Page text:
“COWBOY CARTER” curates cool country culture creation

On Mar. 29, Beyoncé once again shook the music world by releasing her awe-inspiring country music album “COWBOY CARTER” which continues to impact listeners, whether they are fans of her previous work or not.

Filled with country, gospel, and R&B, “COWBOY CARTER” is an ode to Black, American, and country music history. With complex and deep-rooted rhythms, harmonies, and imagery, this album is not a fad but will leave an everlasting legacy on the artist, genre, and society.

In addition to 25 original songs, the album also contains covers and alternate versions of soulful and significant songs such as “Blackbird” written by Paul McCartney of The Beatles, “Jolene” by the world-renowned country artist Dolly Parton, “YAYA” which interpolates some of the music from Nancy Sinatra’s “These Boots are Made for Walkin,” and lyrics from The Beach Boys “Good Vibrations.” Parton is also later featured on the song “TYRANT.”

The addition of The Beatles’ “BLACKBIRD” is an important inclusion in this album due to the history of the song. “Blackbird” was written by Paul McCartney about the racism faced in America during the civil rights movement after he heard about the difficulties that child civil rights activist Ruby Bridges faced in Little Rock, Arkansas. The cover highlights Black and country artists’ talent with the addition of other artists such as Tanner Adell, Britney Spencer, Tiera Kennedy, and Reyna Roberts.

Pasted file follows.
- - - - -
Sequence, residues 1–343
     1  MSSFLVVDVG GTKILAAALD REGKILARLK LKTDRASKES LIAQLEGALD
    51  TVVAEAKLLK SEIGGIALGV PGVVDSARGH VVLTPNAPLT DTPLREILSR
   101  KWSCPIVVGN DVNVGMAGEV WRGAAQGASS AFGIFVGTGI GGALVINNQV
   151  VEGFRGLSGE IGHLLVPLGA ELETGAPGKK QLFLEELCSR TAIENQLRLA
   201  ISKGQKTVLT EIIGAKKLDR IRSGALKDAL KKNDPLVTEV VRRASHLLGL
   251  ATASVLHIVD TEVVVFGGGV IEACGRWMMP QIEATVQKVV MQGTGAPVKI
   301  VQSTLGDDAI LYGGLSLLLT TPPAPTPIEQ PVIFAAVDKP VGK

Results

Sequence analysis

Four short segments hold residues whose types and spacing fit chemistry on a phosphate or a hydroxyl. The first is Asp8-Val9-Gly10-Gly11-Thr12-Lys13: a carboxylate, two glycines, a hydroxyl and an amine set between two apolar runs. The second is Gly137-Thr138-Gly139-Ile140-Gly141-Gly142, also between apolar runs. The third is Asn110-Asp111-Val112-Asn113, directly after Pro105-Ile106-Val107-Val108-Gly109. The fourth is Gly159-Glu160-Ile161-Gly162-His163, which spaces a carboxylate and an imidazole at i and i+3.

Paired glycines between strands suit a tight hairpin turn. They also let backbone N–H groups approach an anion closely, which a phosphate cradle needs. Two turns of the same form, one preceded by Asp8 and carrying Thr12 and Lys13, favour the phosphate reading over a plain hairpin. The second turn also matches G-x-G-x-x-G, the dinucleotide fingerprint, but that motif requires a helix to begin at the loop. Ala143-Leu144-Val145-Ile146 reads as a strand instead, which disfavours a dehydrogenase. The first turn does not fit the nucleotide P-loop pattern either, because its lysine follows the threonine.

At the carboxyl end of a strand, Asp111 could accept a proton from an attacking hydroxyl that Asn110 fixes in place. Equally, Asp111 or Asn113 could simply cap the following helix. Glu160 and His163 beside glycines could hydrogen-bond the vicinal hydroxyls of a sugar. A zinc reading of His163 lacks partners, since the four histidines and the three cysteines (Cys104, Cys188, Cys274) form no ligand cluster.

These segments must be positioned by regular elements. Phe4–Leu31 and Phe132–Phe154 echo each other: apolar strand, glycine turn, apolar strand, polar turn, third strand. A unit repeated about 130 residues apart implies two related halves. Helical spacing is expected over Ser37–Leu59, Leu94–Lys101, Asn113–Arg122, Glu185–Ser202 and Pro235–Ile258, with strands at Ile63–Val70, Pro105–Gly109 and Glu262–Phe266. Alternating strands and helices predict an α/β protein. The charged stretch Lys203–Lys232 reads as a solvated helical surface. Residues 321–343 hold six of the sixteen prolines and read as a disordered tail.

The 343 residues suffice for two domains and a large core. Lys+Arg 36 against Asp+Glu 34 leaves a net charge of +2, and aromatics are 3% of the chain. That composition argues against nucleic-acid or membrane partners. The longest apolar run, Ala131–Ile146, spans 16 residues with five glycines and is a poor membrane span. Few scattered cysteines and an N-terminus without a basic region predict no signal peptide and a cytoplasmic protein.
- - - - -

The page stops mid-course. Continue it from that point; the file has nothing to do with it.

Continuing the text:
The sociological forethought of many writers and philosophers such as Alice Randall, the author of books “My Black Country: A Journey Through Country Music’s Black Past, Present, and Future,” as well as Ibram X. Kendi, author of “How To Be An Anti-Racist,” and Lauren Michele Jackson who wrote “White Negroes: When Cornrows Were in Vogue and Other Thoughts on Cultural Appropriation,” is prominent in the lyrics and overall messaging of the songs on the album. With a long history of Black Americans living in the South and being a part (albeit a largely ignored part) of country music, the issues surrounding race in the genre are not unknown and are something that Beyoncé highlights throughout her work.

The album evokes strong feelings of love; love for herself, her culture, heritage, and family. But there is also a great sense of honesty about where we are as a country, about who we all are and how we act, both to those we call friends and those we see as outsiders. The statements made and actions committed throughout her thoughtful lyricism all while she was promoting the album, show a deep consciousness inserted into the album, and a deep awareness of what America truly is and where she and other African Americans fit into our society.